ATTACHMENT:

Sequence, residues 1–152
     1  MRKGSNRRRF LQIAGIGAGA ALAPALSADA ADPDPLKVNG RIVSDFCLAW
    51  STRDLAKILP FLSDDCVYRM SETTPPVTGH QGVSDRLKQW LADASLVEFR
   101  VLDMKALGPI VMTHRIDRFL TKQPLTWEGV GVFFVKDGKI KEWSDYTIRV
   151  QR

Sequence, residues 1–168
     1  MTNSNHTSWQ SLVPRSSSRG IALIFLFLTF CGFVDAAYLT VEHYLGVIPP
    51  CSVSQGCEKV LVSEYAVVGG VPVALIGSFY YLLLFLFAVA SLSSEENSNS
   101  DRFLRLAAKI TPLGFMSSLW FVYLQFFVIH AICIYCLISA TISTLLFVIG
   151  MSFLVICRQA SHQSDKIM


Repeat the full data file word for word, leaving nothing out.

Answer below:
Sequence, residues 1–152
     1  MRKGSNRRRF LQIAGIGAGA ALAPALSADA ADPDPLKVNG RIVSDFCLAW
    51  STRDLAKILP FLSDDCVYRM SETTPPVTGH QGVSDRLKQW LADASLVEFR
   101  VLDMKALGPI VMTHRIDRFL TKQPLTWEGV GVFFVKDGKI KEWSDYTIRV
   151  QR

Sequence, residues 1–168
     1  MTNSNHTSWQ SLVPRSSSRG IALIFLFLTF CGFVDAAYLT VEHYLGVIPP
    51  CSVSQGCEKV LVSEYAVVGG VPVALIGSFY YLLLFLFAVA SLSSEENSNS
   101  DRFLRLAAKI TPLGFMSSLW FVYLQFFVIH AICIYCLISA TISTLLFVIG
   151  MSFLVICRQA SHQSDKIM